New Information and Cultural Insights Entrepreneurs Need to Start a Business in Taiwan
Derek Sivers & Joyce Tang Boyland
This book can be downloaded and read in Apple Books on your Mac or iOS device.
Taiwan was first established as a Dutch trading post, then occupied by Japan, and now officially considered part of China. As a result it has a unique place in the business world, with varied influences. It is now one of the top 20 countries on the ease of doing business index, a long way from 2009 when it was #61.
If you’ve been thinking about starting a business in Taiwan, the Wood Egg Taiwan startup guide will be your go-to reference manual.
Each year we hire 3 researchers (at least one local and one foreigner who live in Taiwan), a native English-speaking in-country writer, and an editor, to bring you insights from multiple perspectives.
Our researchers spend over 200 hours interviewing local business people, politicians, and citizens who regular foreigners would never have access to. This is 200+ hours you will save to hit the ground running. (Bonus: When you register your eBook at WoodEgg.com you get access to all of our raw research and interviews.)
In the 2014 Wood Egg Taiwan startup guide you will learn:
The affectionate expression you will probably be called in Taiwan (even if it might sound upsetting to you!) (Page 105) What the fluid levels of punctuality mean for your meetings. (Page 102) This detracts from your identity, though you might think it’s an enhancement. Page 108 tells you all about it. Relationships are the heart of Taiwanese business. This is how to establish them the right way. (Page 109) Save time and headaches by using one of our recommended short stay serviced apartments (along with a few other unique accommodation options). (Page 146) What duty, fluidity, and guanxi have to do with running your business in Taiwan. (Page 196) Why you should seek a Taiwanese partner (even though you don’t have to). (Page 305) Our curated list of 6 accountants that specialize in helping foreigners. (Page 342) This is your biggest hurdle when hiring employees. Master it and you’ll have great people beating a path to your door. (Page 361) Don’t try to get a bank account without following these steps. (Page 387) The top two industries poised for growth in Taiwan. (Page 402) Though a lot of marketing is similar as in English-speaking countries these are the differences to watch out for. (Page 409) All of this along with hundreds of other insights. All told you’ll get the painstakingly researched answers to over 200 questions (over 400 pages!) about country, culture, life, and business in Taiwan.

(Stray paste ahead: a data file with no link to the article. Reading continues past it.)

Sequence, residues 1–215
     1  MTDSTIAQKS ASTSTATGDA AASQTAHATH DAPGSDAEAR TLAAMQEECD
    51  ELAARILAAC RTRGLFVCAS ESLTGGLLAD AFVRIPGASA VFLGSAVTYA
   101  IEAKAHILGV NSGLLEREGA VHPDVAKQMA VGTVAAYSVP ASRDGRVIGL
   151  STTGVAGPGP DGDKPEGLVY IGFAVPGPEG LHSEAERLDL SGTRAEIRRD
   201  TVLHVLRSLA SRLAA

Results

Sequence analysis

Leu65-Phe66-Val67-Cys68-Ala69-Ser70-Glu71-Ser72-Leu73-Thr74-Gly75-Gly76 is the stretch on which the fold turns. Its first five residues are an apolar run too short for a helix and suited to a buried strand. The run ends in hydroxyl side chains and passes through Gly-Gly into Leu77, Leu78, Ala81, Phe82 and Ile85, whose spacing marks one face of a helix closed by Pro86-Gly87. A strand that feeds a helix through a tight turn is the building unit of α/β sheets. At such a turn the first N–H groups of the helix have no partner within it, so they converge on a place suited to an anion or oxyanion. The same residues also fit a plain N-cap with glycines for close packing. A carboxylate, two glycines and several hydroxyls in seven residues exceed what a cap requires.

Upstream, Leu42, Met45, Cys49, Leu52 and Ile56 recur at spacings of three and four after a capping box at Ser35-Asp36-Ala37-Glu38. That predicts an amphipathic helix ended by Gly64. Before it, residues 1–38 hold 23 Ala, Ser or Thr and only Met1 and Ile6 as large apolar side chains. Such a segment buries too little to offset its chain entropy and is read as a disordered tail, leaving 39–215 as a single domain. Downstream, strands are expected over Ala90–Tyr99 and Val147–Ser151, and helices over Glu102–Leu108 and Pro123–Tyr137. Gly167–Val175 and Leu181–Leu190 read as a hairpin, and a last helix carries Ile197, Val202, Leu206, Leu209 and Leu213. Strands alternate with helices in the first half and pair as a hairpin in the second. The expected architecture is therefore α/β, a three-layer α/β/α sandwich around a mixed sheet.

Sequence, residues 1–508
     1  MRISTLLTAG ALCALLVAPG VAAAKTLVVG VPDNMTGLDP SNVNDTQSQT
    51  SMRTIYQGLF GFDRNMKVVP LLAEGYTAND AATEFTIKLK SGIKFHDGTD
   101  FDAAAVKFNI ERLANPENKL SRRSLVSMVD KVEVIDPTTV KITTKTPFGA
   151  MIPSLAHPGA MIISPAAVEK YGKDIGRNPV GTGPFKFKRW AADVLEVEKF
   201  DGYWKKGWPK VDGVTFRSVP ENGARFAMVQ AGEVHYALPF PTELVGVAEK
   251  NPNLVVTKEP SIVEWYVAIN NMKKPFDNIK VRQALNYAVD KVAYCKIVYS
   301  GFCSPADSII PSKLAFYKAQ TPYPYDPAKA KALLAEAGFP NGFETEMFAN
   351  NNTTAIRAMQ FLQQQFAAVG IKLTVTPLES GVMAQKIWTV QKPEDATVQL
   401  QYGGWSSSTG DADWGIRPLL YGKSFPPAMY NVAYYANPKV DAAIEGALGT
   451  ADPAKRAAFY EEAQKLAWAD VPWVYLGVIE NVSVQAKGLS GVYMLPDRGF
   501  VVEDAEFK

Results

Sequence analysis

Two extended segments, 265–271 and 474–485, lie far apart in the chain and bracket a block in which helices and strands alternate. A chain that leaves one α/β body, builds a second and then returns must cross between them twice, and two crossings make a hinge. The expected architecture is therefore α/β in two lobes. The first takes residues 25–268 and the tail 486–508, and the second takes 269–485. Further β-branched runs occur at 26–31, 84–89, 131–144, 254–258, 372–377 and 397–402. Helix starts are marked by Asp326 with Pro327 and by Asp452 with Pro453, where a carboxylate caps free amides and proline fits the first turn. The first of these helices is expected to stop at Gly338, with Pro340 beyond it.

If you’re looking to do business in Taiwan you won’t find a more complete, up-to-date, guide.
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